In order to market this idea, Hasbro designed an ad campaign that spoke directly to parents. The goal was to influence parents to begin playing board games with their children at three years old and make it easier for the parents to choose an appropriate game to play. This was done by branding all of the Hasbro preschool games that met the criteria of being educational under the umbrella of My First Games. To reinforce the educational elements, such as counting, color recognition, and taking turns, Dr. Sylvia Rimm, a leading child psychologist, was enlisted as a spokesperson and advocate for the brand and appeared on every game package to help parents recognize the benefits of the game.

With the campaign slogan "The best part of playing is playing together," the ads depicted a parent and a child giggling and hugging while playing a board game. The words that inspired the ad campaign were "Daddy, come and play a game with me." This ad campaign had the highest positive customer ratings in Hasbro's history and proved equally successful in the market.

Creating an emotional connection with your customers has a lot to do with getting inside their hearts and speaking to their values. The more you behave like a friend or facilitator, the more likely your customer will keep coming back for more.

Package the Product in a Way That Creates an Emotional Response

Some product categories have the potential to evoke emotional responses more than others. What emotions come up for you when you think of tea? Mystery and exoticism? Relaxation? Doilies and crumpets? Historically in America, tea was defined by Lipton and Bigelow and was a rather boring product category. But then along came new brands like the Republic of Tea, Numi Tea, and Tazo that helped shift the whole idea of tea in Americans' minds to being something almost spiritual.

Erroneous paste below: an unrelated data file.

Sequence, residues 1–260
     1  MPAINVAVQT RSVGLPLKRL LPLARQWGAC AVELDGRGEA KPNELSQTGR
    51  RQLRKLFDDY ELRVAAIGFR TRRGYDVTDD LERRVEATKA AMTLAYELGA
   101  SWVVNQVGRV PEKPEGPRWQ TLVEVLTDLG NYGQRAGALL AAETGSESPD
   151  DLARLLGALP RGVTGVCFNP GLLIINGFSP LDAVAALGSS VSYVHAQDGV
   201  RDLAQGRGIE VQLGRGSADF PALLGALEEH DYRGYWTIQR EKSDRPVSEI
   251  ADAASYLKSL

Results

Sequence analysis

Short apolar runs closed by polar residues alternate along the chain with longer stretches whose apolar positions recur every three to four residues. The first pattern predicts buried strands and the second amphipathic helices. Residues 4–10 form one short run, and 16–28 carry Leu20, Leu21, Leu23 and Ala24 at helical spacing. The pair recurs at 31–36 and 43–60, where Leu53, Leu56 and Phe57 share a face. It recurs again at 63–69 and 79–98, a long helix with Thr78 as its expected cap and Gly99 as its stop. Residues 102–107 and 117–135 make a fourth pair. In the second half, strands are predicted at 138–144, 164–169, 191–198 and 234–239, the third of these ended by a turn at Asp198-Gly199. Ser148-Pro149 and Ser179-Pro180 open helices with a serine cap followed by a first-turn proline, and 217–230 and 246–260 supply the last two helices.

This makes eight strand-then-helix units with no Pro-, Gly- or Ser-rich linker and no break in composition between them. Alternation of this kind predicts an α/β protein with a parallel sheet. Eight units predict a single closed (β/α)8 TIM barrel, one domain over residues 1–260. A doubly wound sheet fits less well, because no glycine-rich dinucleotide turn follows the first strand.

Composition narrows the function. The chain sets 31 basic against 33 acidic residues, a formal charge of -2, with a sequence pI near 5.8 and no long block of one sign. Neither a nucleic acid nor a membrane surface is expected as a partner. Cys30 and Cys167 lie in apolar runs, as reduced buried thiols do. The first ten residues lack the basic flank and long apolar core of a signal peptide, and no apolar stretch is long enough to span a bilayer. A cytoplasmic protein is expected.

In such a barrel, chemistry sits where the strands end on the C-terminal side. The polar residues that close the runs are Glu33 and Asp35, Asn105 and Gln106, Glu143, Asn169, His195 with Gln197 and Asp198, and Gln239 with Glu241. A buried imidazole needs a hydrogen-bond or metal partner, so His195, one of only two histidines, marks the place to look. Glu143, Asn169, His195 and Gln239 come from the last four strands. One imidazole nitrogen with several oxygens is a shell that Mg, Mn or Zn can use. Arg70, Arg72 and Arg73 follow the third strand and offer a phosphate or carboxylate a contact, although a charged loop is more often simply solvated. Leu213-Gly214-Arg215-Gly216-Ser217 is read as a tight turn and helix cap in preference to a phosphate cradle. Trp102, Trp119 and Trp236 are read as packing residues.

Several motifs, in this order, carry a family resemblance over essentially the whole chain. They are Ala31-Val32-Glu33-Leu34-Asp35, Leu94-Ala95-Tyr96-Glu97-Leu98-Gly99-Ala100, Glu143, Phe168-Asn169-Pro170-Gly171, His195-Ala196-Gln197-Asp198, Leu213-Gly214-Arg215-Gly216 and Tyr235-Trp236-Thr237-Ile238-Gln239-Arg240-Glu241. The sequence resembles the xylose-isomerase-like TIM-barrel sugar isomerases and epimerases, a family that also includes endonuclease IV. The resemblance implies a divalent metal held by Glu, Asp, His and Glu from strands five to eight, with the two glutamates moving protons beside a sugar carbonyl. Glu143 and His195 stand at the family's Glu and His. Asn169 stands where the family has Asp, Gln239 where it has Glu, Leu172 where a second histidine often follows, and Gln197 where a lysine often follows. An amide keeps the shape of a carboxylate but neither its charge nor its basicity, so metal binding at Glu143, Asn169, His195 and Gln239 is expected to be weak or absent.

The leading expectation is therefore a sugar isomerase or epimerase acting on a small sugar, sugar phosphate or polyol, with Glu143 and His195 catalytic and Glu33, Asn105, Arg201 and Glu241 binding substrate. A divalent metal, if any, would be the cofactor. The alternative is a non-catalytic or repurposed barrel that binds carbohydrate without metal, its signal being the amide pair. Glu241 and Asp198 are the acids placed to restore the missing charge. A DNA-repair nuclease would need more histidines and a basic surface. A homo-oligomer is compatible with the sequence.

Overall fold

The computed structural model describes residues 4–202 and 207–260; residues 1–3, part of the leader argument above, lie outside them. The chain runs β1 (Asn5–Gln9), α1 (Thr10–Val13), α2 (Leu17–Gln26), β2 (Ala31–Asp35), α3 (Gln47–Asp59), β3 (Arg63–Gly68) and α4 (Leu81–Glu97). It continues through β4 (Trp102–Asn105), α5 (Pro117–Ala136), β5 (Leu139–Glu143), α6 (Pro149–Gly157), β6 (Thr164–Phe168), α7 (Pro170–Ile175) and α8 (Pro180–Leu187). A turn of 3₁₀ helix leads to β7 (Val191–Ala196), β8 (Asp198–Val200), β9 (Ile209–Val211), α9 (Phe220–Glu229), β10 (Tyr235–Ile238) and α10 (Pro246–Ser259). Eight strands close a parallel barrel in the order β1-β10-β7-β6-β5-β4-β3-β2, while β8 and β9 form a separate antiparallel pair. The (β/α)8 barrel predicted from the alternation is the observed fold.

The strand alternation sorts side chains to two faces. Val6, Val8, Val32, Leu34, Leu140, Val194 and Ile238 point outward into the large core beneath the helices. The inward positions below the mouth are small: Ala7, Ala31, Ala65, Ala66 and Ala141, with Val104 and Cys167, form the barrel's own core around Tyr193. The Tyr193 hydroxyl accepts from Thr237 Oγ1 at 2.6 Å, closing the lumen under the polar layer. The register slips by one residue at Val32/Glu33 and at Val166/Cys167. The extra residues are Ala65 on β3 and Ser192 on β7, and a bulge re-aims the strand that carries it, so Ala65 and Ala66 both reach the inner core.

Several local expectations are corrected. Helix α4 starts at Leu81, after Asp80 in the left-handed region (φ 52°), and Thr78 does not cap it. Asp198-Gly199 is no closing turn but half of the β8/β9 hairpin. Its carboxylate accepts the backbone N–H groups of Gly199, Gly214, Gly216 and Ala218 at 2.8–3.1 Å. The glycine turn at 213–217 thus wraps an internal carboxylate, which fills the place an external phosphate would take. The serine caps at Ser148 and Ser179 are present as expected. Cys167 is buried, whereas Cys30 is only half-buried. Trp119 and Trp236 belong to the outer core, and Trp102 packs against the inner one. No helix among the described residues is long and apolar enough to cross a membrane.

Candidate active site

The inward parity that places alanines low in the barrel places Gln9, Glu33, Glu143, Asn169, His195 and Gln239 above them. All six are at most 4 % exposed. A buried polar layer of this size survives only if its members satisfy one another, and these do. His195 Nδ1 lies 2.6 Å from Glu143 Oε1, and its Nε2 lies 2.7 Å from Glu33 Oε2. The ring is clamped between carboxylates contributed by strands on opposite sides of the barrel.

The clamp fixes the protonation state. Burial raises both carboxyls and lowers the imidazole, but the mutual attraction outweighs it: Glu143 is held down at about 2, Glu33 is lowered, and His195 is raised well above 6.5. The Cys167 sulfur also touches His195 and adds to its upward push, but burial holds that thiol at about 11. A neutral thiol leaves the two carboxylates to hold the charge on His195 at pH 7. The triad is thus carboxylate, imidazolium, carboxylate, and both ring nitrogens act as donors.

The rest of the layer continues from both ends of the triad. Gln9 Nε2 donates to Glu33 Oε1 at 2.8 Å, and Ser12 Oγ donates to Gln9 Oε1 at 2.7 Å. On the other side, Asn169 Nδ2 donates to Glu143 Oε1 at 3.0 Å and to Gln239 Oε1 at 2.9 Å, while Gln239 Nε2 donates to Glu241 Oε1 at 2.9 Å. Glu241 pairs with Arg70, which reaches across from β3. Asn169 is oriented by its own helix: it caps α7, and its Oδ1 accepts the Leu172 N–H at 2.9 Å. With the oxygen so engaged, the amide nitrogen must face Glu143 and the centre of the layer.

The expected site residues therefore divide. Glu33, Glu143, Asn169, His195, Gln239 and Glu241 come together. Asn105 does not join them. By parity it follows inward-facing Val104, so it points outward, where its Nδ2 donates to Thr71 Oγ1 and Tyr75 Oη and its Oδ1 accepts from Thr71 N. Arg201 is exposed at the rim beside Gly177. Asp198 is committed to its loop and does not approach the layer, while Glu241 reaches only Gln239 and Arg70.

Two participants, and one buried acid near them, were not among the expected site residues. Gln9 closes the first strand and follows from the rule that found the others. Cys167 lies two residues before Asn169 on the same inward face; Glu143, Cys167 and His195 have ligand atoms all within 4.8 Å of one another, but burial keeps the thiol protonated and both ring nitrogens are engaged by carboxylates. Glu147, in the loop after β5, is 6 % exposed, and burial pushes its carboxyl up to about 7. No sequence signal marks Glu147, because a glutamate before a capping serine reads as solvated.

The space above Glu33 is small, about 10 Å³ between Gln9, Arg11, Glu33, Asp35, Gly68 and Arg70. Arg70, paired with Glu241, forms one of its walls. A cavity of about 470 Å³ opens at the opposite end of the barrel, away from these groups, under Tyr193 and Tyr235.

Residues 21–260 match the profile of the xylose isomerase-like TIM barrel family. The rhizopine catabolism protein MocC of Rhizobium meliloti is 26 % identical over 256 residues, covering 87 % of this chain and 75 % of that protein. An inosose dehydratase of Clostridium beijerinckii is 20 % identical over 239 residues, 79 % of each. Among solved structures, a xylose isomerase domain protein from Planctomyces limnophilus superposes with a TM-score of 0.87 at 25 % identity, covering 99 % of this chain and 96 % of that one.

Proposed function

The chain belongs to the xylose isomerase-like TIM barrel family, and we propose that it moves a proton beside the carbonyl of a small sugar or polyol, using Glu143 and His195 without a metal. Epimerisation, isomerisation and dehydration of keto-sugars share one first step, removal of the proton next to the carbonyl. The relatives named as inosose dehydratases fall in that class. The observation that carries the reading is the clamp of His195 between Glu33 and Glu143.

Each of these new brands has tried to tell a rather mystical story about tea. Back in chapter 2, we talked about Tazo, a company that took its name from ancient times. The name means "river of life" in the Romany Gypsy language and was used as a toast to life by ancient Greeks. The tea company was founded in 1994 with the idea that it was going to "reincarnate" tea.

Steve Seto, the vice president of branding for Tazo, says, "It's a very modern notion of spirituality that, like the product itself, borrows from multiple spiritual and cultural influences -- a simple, yet textured idea that customers respond to emotionally. It invites them in and allows them to interpret the brand on their own terms. It's sort of like yoga: some do yoga just for the physical benefits while others take it to a deeper level and are rewarded with personal, spiritual benefits that the practice offers. Our positioning works to take people to this deeper place, to convey that Tazo does have the ability to make you feel a certain way (soothed, refreshed, revitalized, or restored). "

We think Tazo's packaging is the icing on the cake for this emotional connection. The Tazo brand is built around spiritual images, using icons that resemble language from long ago and far away -- a combination of elements that seem to draw equally from The Lord of the Rings and Hinduism. Featuring unique tea blends with names like Zen, Tazo creates a holistic impression that says "slow down, experience this, you will be enriched." In essence, the emotional message is this "inexpensive, little product will provide you a quick escape from your crazy life." And the result is that Tazo has continued growing market share to the point that Starbucks (yes, again) acquired the company in 1999.